Garigal National Park has extensive Aboriginal history, with over 300 Aboriginal sites recorded. These include cave art, rock engravings, shelters, middens and grinding grooves. Many sites are also preserved in Crown land and land managed by the Metropolitan Local Aboriginal Land Council. 

An enormous Aboriginal engraving site, which was the first to be visited by Europeans in 1788. There are over 100 figures representing different scenes.
The main engraving is a large whale, about 11m in length, with an unusually large mouth. Near the whale are two boomerangs and a small figure.
Carvings of two kangaroos, one of which was described by W.D. Campbell as having a spear in its back.
Two echidnas and what has been described as a snake are located on a rock platform close to Mona Vale Road.
Located on the edge of a ledge, with views over Garigal NP, is an Aboriiginal engravnig site with a couple of quite well-defined shields, a kangaroo and a boomerang.
On one of the rock platforms along the Little Moab Track is a school of (four) whales and a deity figure… the engravings are very faint and weathered and hard to make out.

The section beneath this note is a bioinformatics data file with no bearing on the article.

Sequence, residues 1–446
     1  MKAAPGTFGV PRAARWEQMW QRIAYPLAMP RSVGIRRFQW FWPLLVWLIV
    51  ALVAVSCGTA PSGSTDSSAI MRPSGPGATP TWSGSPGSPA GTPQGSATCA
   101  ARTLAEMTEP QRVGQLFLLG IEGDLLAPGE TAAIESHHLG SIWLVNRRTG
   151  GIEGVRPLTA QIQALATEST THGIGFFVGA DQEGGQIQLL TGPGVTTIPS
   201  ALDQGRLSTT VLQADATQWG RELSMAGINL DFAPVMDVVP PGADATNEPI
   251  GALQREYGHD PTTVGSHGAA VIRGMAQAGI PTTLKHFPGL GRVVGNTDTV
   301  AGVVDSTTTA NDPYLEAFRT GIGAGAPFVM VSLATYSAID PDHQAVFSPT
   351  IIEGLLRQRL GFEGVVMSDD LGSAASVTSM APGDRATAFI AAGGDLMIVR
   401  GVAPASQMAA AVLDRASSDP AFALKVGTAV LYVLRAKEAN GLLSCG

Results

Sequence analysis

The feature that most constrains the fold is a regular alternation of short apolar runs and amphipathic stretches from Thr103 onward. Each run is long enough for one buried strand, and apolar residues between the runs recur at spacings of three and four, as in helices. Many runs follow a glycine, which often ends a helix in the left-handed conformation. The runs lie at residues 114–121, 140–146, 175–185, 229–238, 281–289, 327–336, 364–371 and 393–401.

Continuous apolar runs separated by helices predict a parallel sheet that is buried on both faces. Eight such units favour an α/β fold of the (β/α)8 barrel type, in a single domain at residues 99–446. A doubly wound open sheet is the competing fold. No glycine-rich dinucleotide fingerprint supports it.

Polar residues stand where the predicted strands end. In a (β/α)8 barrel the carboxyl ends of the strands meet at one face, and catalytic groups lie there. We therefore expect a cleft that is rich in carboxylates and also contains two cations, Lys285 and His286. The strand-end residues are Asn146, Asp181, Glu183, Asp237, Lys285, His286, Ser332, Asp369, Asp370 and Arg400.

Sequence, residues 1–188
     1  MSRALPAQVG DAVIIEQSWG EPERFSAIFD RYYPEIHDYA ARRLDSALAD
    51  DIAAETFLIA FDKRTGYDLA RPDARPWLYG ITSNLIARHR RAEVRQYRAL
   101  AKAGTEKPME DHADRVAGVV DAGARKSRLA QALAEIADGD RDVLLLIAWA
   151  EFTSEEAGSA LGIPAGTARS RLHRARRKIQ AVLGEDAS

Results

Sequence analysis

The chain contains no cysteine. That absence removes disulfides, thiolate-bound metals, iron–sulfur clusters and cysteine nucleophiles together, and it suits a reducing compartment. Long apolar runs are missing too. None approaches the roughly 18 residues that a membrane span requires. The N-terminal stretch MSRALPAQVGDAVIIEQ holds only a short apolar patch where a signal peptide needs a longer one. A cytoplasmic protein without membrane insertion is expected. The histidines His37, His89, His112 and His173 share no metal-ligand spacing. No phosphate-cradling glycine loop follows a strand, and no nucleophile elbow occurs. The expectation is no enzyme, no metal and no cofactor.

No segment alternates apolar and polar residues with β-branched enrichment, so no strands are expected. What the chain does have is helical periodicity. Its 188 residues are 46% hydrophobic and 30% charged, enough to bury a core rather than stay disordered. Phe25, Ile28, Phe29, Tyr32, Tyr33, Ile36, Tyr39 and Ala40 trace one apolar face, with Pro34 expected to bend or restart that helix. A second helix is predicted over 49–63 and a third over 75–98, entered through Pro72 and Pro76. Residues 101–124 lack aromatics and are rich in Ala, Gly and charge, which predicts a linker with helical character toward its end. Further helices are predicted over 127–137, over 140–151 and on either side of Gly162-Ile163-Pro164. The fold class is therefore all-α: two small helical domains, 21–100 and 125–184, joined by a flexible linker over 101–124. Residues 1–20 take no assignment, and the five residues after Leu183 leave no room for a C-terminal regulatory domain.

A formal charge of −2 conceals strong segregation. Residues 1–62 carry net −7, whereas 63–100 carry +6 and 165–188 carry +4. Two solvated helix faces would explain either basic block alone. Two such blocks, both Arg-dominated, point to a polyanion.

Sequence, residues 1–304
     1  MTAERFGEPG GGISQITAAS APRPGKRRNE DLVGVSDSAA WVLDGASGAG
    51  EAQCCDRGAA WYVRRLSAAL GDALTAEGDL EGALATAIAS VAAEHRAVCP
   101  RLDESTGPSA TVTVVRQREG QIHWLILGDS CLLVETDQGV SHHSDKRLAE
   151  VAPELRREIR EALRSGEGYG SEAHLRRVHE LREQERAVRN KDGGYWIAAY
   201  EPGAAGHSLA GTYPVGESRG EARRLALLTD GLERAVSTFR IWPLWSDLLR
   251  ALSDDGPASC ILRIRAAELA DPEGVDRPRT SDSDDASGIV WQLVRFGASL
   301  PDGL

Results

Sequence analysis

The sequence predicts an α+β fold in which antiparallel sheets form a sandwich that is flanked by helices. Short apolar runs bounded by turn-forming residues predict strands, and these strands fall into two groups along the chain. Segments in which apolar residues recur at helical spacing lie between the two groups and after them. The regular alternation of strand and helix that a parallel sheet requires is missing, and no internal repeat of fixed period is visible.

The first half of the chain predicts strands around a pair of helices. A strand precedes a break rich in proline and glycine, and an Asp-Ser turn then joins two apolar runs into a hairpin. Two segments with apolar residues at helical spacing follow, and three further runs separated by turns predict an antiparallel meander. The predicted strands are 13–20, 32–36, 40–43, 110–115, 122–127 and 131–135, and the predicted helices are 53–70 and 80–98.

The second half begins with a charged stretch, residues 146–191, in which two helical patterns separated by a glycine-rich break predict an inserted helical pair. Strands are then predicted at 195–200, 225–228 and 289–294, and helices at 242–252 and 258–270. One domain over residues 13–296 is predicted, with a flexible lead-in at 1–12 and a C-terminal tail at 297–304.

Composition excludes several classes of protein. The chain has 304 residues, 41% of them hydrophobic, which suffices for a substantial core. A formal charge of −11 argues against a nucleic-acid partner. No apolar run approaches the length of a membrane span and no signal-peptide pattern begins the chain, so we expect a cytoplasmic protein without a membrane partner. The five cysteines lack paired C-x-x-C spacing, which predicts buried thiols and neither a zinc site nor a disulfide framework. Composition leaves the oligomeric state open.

Eight complete or partial hand stencils were recorded in this small shelter in 1981 (some stencils are quite faint, and two are affected by graffiti).
A significant Aboriginal cultural site, the Moon Rock Aboriginal Site was declared an Aboriginal Place in 2016. The site has over 50 engravings, including tools and weapons used and animals caught and eaten in the area.
Located in the middle of an informal walking track between Natural Arch Track and Forestville Park is a wallaby or kangaroo. A few nearby engravings are considered to be fake.
A solitary engraving of a whale with an oblong figure at its snout. Nice views from this rock platform.
A solitary footprint on a rock platform above the Slippery Dip Trail.